In February, GEP Professor Garrett Graddy-Lovelace and students Michael Bard, Kat Diersen and Leah Germer presented at the annual Dimensions of Political Ecology Conference at the University of Kentucky in Lexington. The interdisciplinary, student-led conference brings together scholars from fields as diverse as economics, political geography, rural sociology, sociocultural anthropology, and science and technology studies around a host of contemporary environmental issues. The conference agenda included sessions on a diverse range of topics including environmental justice, urban design, and building identity through food consumption. Professor Graddy-Lovelace facilitated a lively panel discussion on labor and the agrarian question, and the conference wrapped up with a stirring keynote address by Kim Tallbear, professor of anthropology and Native American & Indigenous Studies at the University of Texas at Austin.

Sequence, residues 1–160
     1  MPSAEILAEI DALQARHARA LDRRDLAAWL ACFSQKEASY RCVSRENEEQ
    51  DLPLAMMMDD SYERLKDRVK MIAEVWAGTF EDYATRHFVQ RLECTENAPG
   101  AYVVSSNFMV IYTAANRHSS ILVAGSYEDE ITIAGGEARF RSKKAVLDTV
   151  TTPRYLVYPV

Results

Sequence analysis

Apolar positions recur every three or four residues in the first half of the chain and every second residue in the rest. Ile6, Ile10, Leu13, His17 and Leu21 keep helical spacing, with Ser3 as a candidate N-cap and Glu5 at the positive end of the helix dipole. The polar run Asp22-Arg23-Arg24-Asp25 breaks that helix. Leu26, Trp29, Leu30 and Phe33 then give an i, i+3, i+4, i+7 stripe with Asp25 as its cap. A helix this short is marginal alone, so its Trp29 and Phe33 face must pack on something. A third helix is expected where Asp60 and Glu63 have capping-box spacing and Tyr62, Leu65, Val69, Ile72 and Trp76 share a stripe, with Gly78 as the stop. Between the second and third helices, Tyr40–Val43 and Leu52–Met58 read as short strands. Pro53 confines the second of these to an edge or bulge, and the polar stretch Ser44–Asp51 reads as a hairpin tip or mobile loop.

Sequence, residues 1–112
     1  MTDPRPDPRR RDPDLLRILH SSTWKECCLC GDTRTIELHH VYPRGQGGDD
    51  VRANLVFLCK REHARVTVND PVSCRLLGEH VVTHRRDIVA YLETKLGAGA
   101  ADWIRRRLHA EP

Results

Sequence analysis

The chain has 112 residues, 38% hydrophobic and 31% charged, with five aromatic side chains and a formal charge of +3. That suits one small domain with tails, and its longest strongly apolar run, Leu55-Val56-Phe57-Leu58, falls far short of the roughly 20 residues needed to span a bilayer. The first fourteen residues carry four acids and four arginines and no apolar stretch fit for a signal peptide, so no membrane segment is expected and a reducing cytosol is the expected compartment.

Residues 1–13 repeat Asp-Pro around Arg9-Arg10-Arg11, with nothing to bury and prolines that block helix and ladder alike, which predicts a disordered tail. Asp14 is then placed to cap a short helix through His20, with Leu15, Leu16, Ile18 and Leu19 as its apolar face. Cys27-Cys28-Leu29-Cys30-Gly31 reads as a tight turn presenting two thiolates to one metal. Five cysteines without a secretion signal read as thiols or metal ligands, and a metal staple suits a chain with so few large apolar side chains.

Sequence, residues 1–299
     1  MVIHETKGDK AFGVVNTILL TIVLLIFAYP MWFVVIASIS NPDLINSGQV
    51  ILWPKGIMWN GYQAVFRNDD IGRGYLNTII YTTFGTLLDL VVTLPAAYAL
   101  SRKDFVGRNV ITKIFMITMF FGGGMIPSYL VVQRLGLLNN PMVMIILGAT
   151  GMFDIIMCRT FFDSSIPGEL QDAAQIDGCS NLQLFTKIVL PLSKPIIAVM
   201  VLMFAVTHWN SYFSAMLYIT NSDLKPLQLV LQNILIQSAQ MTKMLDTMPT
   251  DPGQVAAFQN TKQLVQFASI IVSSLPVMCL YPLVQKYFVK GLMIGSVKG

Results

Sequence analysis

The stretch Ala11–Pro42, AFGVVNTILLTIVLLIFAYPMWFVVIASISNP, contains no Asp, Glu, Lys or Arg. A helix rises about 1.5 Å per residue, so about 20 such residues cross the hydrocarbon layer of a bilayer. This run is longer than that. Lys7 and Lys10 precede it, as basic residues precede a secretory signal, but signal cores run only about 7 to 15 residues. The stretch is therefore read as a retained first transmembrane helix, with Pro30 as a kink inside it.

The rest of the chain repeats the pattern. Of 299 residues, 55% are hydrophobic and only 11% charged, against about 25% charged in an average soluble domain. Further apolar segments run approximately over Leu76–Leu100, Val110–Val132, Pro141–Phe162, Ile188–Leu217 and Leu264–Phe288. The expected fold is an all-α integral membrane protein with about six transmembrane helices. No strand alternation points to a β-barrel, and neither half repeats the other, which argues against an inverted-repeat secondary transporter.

The students presented preliminary findings from their work on a funding gap analysis of the Farm Bill’s Title II Conservation Programs. The gap analysis will contribute to the 2015 Food/Farm Bill Practicum, a capstone project that draws on GEP’s developing partnership with national grassroots farming organizations Rural Coalition and National Family Farm Coalition. Michael presented exploratory research and a critique of USDA strategies for achieving social and ecological resilience under the climate action plan and federal agency adaptation planning process. Kat and Leah presented a preliminary analysis of USDA data on rates of enrollment in conservation programs under the Farm Bill by producers from historically underserved and low-income demographic groups. Focusing on USDA programs for seasonal high tunnels, the students included preliminary results of interviews with Appalachian farmers (pictured below) and community leaders about their experiences obtaining funding through these programs. The students took advantage of the open and collaborative atmosphere of the DoPE conference to make connections with local community food advocates, such as leaders of the Kentucky Community Farm Alliance and Grow Appalachia, in order to continue this research throughout the Spring semester. To follow their progress, please visit the Practicum website, farmbillfairness.org.